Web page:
Two exhibitions on architecture in the Middle East will open at the Boston Society of Architects' home BSA Space on October 2. "City of Mirages: Baghdad, 1952–1982" presents built and unbuilt work by 11 architects, including Frank Lloyd Wright, Le Corbusier, Walter Gropius, Josep Lluís Sert, Alvar and Aino Aalto, and Robert Venturi FAIA. Models of various scales of the built and unbuilt work by these and other architects are accompanied by a large-scale model of Baghdad. The second, "Critical Exchange: Boston Architects in the Middle East" presents the work of several contemporary Boston-based practices that have produced buildings and public environments in the Middle East. They will remain on view through December 2012.
"City of Mirages" describes an era in which Baghdad was a thriving, cosmopolitan city, and when an ambitious program of modernization led to proposals and built work by leading international architects. City of Mirages is a traveling exhibition previously featured at the Collegi d’Arquitectes de Catalunya in Barcelona, Spain, and at the Center for Architecture in New York City.
Venturi, Scott Brown & Associates, Inc. Project for the Completions for a National Mosque of Baghdad, 1982. Image courtesy of Venturi, Scott Brown and Associates, Inc.
“The ’50s were a crucial epoch for Iraq to do large public cultural and sports projects,” said City of Mirages curator Pedro Azara. “This exhibition aims to show an unknown (in the West) part of the history of modern architecture and to offer an image of Baghdad, which was not shattered in the difficult years after the war and the invasion of the country.” Azara is professor of aesthetics and theory of art at the School of Architecture in Barcelona and the author of La reconstrucción del Edén: Mito y arquitectura en Oriente.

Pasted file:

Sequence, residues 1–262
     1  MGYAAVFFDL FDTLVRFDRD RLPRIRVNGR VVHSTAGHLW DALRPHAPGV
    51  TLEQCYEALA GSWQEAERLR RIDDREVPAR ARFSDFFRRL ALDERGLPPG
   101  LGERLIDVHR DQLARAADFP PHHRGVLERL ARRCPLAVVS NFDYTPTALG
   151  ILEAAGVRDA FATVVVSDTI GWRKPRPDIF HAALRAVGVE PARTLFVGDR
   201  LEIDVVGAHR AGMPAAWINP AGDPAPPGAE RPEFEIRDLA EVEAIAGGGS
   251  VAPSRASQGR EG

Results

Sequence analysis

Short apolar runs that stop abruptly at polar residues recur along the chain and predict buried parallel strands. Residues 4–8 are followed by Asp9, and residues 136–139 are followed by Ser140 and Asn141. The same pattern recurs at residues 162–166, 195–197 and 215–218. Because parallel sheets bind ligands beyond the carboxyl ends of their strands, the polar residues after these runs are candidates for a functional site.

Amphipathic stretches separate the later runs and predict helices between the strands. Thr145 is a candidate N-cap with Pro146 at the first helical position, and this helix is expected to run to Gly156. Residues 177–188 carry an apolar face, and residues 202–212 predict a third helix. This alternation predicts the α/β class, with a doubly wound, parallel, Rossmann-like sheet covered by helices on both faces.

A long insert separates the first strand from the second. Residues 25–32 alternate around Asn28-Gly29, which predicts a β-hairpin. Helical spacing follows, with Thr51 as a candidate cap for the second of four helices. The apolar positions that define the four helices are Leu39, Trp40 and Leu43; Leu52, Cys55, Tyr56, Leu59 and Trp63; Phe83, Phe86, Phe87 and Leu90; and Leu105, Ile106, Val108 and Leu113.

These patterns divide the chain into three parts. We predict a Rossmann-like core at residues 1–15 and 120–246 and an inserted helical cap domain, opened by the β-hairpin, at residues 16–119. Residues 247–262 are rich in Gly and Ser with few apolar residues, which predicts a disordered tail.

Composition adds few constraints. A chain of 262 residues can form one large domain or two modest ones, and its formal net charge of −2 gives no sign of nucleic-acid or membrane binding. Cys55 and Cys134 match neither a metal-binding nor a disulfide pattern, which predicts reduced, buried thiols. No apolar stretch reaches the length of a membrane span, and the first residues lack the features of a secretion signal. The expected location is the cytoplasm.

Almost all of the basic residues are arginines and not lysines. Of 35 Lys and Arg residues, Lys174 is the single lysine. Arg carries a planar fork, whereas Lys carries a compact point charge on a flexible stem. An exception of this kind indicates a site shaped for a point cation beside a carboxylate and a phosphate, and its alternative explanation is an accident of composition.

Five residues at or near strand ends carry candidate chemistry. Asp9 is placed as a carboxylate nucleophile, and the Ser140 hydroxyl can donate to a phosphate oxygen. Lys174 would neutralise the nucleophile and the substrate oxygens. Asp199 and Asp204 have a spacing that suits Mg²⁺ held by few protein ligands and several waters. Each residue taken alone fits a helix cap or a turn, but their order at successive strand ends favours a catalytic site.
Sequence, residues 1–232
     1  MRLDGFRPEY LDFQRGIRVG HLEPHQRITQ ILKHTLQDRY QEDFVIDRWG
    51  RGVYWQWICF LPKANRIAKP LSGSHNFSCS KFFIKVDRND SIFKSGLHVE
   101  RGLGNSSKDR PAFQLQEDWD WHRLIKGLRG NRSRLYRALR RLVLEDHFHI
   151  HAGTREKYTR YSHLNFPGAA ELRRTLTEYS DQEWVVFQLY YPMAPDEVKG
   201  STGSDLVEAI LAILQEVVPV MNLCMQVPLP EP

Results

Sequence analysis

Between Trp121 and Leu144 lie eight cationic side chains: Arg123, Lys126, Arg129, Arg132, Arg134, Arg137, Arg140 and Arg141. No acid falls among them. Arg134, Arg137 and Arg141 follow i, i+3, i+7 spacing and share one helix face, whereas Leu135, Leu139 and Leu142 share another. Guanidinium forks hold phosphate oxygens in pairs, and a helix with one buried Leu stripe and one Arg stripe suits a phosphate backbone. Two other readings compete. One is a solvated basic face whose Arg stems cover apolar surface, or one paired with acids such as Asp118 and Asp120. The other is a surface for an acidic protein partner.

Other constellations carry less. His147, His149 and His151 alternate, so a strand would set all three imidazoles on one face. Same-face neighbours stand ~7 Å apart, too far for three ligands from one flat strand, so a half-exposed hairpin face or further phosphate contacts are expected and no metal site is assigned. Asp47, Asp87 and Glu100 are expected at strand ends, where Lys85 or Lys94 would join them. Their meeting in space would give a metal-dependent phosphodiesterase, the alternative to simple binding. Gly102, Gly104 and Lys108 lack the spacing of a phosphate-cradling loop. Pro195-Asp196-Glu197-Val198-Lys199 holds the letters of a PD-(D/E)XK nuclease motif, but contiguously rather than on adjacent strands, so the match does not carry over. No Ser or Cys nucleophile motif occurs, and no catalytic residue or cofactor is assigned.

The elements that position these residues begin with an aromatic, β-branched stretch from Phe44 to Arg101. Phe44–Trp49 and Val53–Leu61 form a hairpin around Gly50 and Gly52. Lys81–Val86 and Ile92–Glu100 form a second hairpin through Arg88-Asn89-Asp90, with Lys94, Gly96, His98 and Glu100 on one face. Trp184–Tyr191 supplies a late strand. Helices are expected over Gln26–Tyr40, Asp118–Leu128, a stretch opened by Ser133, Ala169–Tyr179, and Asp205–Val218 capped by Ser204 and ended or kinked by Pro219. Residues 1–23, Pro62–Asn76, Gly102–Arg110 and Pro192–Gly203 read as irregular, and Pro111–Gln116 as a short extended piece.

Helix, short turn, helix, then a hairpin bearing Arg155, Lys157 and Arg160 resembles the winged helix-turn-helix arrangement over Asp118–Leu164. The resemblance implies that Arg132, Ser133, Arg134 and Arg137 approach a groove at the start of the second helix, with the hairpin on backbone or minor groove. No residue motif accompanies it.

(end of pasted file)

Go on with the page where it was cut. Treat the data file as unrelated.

Frank Lloyd Wright, Plan for a Greater Baghdad, 1957-1959. Image courtesy Collegi d'Arquitectes de Catalunya (COAC)
The projects featured in the concurrent exhibition, "Critical Exchange: Boston Architects in the Middle East", are shaped by the approaches and agendas of international practice inflecting to local conditions. Curated by Mark Pasnik AIA, Chris Grimley and Michael Kubo of the design firm over,under, Critical Exchange examines the political and economic complexities, material cultures, climactic realities, construction practices and social traditions that affect contemporary firms working in the Middle East. The featured firms are all closely connected to Boston’s academic institutions, and their work in the Middle East is an extension of research interests at home. The projects share an emphasis on design strategies that are both global and local.
Walter Gropius, TAC (The Architects' Collaborative) and Hisham A. Munir, University of Baghdad campus, 1957. Image courtesy of Collegi d'Arquitectes de Catalunya (COAC)
“Our goal in presenting these concurrent exhibitions at BSA Space is to highlight the transformations that architecture makes around the globe,” said BSA president Laura Wernick AIA. “Bringing this exhibition to Boston after its U.S. debut at the Center for Architecture in New York is exciting, as many of the works exhibited included come in large part are connected with Harvard University.”
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